Since the beginning of the full-scale war, Gwara Media team has been publishing a daily digest of fake news based on requests received via the Perevirka bot. Therefore, we have analyzed 298 cases based on the Daily Fakes section.

Daily Fakes is a newsletter of the most noteworthy pieces of disinformation detected while checking readers’ requests. On average, from May 1 till August 1, 2022, we received about 185 requests per day, with a peak load of 300-500 requests.

Generally, we processed 16,598 direct messages and identified 2,555 fake news and 1,148 manipulations.

The analytical report below is based on requests from May 1 to July 31.


In course of the analysis, Gwara Media discerned 24 main narratives. For ease of reading, we divided them into three groups according to the number of unique fakes.

fakes gwara media

Group 1. The most common narratives

Detected in 142 pieces of disinformation, these 4 most common narratives are the target for our analysis: 

  1. “The Armed Forces of Ukraine and their supporters are criminals” (32,4%).
  2. “Ukraine will lose the war” (24,6%).
  3. “The West does not need Ukraine as a state” (21,8%).
  4. “Ukraine is a country of chaos and radicals” (21,1%).
gwara fake news ukraine

We presume these 4 narratives may be the most widespread elements of disinformation waves in Ukraine from May 1 to July 31. The chart below shows they continually appeared each month of the studied period.

gwara fake news ukraine

To prove that such a request classification is effective for detecting waves of disinformation, we will analyze two separate narratives and demonstrate how an increase in bot requests correlates with an increase of similar queries in Google.

Argument 1

In early May, we received many requests to check the information about Putin’s possible surgery. Google Trends shows that similar queries appeared on Google too.

perevirka bot
Perevirka bot. The signs:
“Is Putin sick with cancer?”, “Putin is going to be operated…”, “Putin is soon to be in hospital…”

Google Trends shows that the most popular queries about Putin’s operation appeared at the beginning of May as well.

gwara desinformation waves

You can see from the above screenshot that our bot showed the same results; therefore, we may conclude this was a general trend.

Argument 2

Another example of correlation is the probable Russian invasion of Moldova. We received similar requests from the end of April till the beginning of May.

perevirka bot
Perevirka bot. The signs: “Kremlin decided to invade Moldova”,
“Invasion to Moldova”,
“Ukrainian residents in Moldova are called to leave the country…”

Google Trends demonstrates the same dynamics: such search queries were the most popular since the end of April.

desinformation waves

Having analyzed these narratives, we can conclude that the chosen approach to detect waves of disinformation is effective.

Group 2. Less common narratives

There are 12 less common narratives that we noticed among those requests we have received:

  • “Russia wants peace / Putin will save us all” (15.3%).
  • “Fearmongering” (12.9%).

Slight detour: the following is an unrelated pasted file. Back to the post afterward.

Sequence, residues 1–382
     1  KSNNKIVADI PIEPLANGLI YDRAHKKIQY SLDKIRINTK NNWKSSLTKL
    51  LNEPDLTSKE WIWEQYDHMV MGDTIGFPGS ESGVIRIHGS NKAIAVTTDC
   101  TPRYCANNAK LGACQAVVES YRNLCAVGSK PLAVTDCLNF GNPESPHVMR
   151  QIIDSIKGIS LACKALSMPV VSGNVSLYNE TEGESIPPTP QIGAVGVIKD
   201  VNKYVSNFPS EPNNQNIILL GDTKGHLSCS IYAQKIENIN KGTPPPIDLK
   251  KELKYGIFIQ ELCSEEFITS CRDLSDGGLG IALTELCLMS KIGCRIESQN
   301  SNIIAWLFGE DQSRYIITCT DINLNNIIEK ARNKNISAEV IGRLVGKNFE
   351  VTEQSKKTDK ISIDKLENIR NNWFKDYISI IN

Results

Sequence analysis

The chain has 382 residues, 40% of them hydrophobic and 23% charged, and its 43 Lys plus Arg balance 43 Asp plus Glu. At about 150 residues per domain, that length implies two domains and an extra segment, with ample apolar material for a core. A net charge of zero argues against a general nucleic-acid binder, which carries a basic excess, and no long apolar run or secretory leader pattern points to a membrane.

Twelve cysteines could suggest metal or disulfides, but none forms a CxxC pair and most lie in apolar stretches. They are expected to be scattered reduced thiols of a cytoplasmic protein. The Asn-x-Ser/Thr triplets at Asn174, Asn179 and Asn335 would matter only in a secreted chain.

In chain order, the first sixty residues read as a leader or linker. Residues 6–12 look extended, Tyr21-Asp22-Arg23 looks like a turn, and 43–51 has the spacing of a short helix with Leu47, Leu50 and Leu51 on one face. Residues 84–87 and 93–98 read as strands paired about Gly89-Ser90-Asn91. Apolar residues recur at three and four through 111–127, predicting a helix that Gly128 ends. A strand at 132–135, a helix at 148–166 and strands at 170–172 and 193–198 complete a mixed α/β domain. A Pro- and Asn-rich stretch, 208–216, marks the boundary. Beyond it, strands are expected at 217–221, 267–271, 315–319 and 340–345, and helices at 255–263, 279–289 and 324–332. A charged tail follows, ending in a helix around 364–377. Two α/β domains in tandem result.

• “Ukraine’s in mess” (12.1%).
  • “The West is an enemy who aims to destroy Russia” (8.9%).
  • “Ukrainian government doesn’t care of citizens left at temporarily occupied territories” (8.1%). 
  • “Ukrainian government uses citizens as cannon fodder” (8.1%).
  • “Ukrainian government is full of Nazis” (7,3%). 
  • “NATO is fighting in Ukraine” (6,5%).
  • “Ukraine is russophobic” (5,6%).
  • “Foreigners support Russia despite their governments are against it” (5.6 %).
  • “Armed Forces of Ukraine is just a proxy army supplied and used by the West to drag out the conflict” (4,8%).
  • “The West/the USA doesn’t trust Ukrainian government” (4,8%).
propaganda russia

We cannot qualify these messages as a general trend as we observed they were mostly targeted at Russian citizens and people living in temporarily occupied territories of Ukraine.

These statements form the necessary background noise for a propaganda-sensitive audience, accounting for a total of 124 unique cases.

Group 3. Infrequent narratives

There are 8 narratives we identify as infrequent:

  • “Ukrainians can’t handle a gun / Ukrainian army is incapacitated” (15.6%).
  • “The Azov battalion are all Nazis” (15.6%).
  • “Ukrainians need a new government” (12.5%). 
  • “Sanctions don’t work” (12.5%).
  • “Ukrainian government raises money on the war” (12.5%).
  • “Ukraine must give up its territories to finish the war” (12.5%). 
  • “Ukraine would have attacked first if Russia hadn’t started its special operation” (9.4%). 
  • “Legitimization of Luhansk / Donetsk People’s Republics” (9.4%).
desinformation waves

Based on this research, we can conclude that these fakes are “surgical strikes” meant to support the rhetoric of the Russian Federation; they account for 32 unique cases.


We examined the requests received in Perevirka from May 1 to July 31. We analyzed 289 disinformation messages out of 2,555 fake news and 1,148 manipulations detected by fact-checkers during this period.

Therefore, we selected 24 narratives and divided them into three groups based on the number of unique fakes and manipulations. We also highlighted the 4 most widespread narratives, which appeared most often in the information field during the entire studied period.

Having compared the waves of popular requests in the bot with search queries in Google, we presume that the Perevirka data illustrates the waves of disinformation in Ukraine.

All information provided in the document may be found in our Dataset.

The research is conducted by Oleksander Tolmachov, Yuliana Topolnyk, Alesya Yashchenko, Tetiana Kraynikova, Serhiy Prokopenko, Dasha Lobanok